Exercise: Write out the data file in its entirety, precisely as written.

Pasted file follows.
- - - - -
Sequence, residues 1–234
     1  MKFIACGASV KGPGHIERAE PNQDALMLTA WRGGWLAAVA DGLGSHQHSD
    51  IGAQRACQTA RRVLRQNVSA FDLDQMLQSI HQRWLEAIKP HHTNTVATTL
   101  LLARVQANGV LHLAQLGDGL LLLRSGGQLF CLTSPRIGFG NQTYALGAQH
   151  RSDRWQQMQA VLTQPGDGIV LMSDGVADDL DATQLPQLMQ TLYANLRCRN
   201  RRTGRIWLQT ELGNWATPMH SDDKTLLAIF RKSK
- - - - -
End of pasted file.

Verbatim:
Sequence, residues 1–234
     1  MKFIACGASV KGPGHIERAE PNQDALMLTA WRGGWLAAVA DGLGSHQHSD
    51  IGAQRACQTA RRVLRQNVSA FDLDQMLQSI HQRWLEAIKP HHTNTVATTL
   101  LLARVQANGV LHLAQLGDGL LLLRSGGQLF CLTSPRIGFG NQTYALGAQH
   151  RSDRWQQMQA VLTQPGDGIV LMSDGVADDL DATQLPQLMQ TLYANLRCRN
   201  RRTGRIWLQT ELGNWATPMH SDDKTLLAIF RKSK